On September 10, 2001, Iraq was ruled by Saddam Hussein. We got rid of him and installed what was to be a democracy. But desperate to mark Iraq as a failure, our perfidious left demanded that all U.S. troops be pulled from Iraq, Bush blinked, and Obama made sure all U.S. troops were removed. Moreover, when Iraq held its free election in 2010, Obama acquiesced to what amounted to a coup by Maliki. Today, we have little influence over Iraq and its illegitimate government is moving ever closer to the Iranian sphere. Unique in today's Middle East, Iraq today is better off than it was ten years ago and it is, at least not a direct enemy of the U.S. That said, Iraq's trajectory looks poor indeed.

On September 10, 2001, Saudi Arabia was nominally a close ally of the U.S. They still are a close ally of our government types, even as they spend billions of dollars annually pushing their bloody, toxic brand of Wahhabi Islam throughout the world. And it is that - Wahhabi Islam and its influences - that caused 9-11, and that undergird the Muslim Brotherhood, Hamas and Hezbollah, among many others. Iran's own highly radicalized version of Shia Islam, the Ayatollah Khomeini's veleyat-e-faqi, is virtually a clone of Wahhabi Islam in terms of its triumphalism, expansionism and bloodiness.

So what has gone wrong over the past eleven years? Short answer - Bush's failure to identify our enemy as Wahhabi Islam, a mistake exponentially compounded by Obama's policies towards Wahhabi Islam and the Middle East.

Obama has pointed to the execution of bin Laden as well as his, Obama's, increased use of drone strikes as the ipso facto proof of his foreign policy bona fides. But especially as regards the Middle East and radical Islam, his policies have been an utter catastrophe: from the failure to fan the Green Revolution in Iran to fanning the flames of revolution in Egypt; from pressuring Israel to make unreasonable concessions to the Palestinians to excusing the radicalism and terrorism of the Palestinians; from failing to halt Iran's march towards a nuclear arsenal to allowing Pakistan to play a double game against the U.S. Obama has allowed a bad situation to become exponentially worse.

I have been saying for years now on this blog that our policy towards the Islamists - those who would happily slaughter us in a heart beat and impose Sharia law on the world - has no chance of working unless and until we finally identify the enemy. The enemy is not "terrorism." Terrorism is a tactic. The enemy is the toxic ideology of Wahhabi Islam and the Veleyat-e-Faqi of Iran.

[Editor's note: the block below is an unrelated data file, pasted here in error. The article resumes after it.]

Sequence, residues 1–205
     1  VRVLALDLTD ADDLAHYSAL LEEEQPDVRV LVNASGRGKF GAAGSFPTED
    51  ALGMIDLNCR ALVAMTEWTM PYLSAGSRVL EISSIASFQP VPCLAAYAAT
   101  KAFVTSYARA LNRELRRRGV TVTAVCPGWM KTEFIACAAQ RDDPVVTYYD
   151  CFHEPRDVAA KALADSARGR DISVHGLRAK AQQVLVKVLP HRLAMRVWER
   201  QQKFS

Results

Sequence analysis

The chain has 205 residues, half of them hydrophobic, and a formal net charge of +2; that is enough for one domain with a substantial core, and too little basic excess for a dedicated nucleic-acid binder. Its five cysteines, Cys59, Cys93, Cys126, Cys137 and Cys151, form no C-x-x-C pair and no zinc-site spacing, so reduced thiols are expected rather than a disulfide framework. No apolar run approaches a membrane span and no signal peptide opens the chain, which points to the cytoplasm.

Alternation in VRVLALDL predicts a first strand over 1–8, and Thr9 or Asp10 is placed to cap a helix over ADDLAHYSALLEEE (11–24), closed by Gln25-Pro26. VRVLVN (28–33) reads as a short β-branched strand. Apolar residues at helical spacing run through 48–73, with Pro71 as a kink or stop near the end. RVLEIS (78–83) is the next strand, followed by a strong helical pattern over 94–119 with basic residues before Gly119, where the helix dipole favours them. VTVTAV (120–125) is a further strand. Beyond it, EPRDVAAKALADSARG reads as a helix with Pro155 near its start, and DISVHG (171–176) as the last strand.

Columnist Caroline Glick, several months ago, hit on much this same point, as well as pointing out how Obama has made the situation much worse. Her assessment is well worth a read:

How is it possible that the US finds itself today with so few good options in the Arab world after all the blood and treasure it has sacrificed? The answer to this question is found to a large degree in an article by Prof. Angelo Codevilla in the current issue of the Claremont Review of Books titled "The Lost Decade."

Codevilla argues that the reason the US finds itself in the position it is in today owes to a significant degree to its refusal after September 11, 2001, to properly identify its enemy. US foreign policy elites of all stripes and sizes refused to consider clearly how the US should best defend its interests because they refused to identify who most endangered those interests.

The Left refused to acknowledge that the US was under attack from the forces of radical Islam enabled by Islamic supremacist regimes such as Saudi Arabia and Iran because the Left didn't want the US to fight. Moreover, because the Left believes that US policies are to blame for the Islamic world's hostility to America, leftists favor foreign policies predicated on US appeasement of its enemies.

For its part, the Right refused to acknowledge the identity and nature of the US's enemy because it feared the Left.

And so, rather than fight radical Islamists, under Bush the US went to war against a tactic - terrorism. And lo and behold, it was unable to defeat a tactic because a tactic isn't an enemy. It's just a tactic.

And as its war aim was unachievable, the declared ends of the war became spectacular. Rather than fight to defend the US, the US went to war to transform the Arab world from one imbued with unmentionable religious extremism to one increasingly ruled by democratically elected unmentionable religious extremism.

The lion's share of responsibility for this dismal state of affairs lies with former president Bush and his administration. While the Left didn't want to fight or defeat the forces of radical Islam after September 11, the majority of Americans did. And by catering to the Left and refusing to identify the enemy, Bush adopted war-fighting tactics that discredited the war effort and demoralized and divided the American public, thus paving the way for Obama to be elected while running on a radical anti-war platform of retreat and appeasement.

Since Obama came into office, he has followed the Left's ideological guidelines of ending the fight against and seeking to appease America's worst enemies. This is why he has supported the Muslim Brotherhood in Egypt. This is why he turned a blind eye to the Islamists who dominated the opposition to Gaddafi. This is why he has sought to appease Iran and Syria. This is why he supports the Muslim Brotherhood-dominated Syrian opposition. This is why he supports Turkey's Islamist government. And this is why he is hostile to Israel.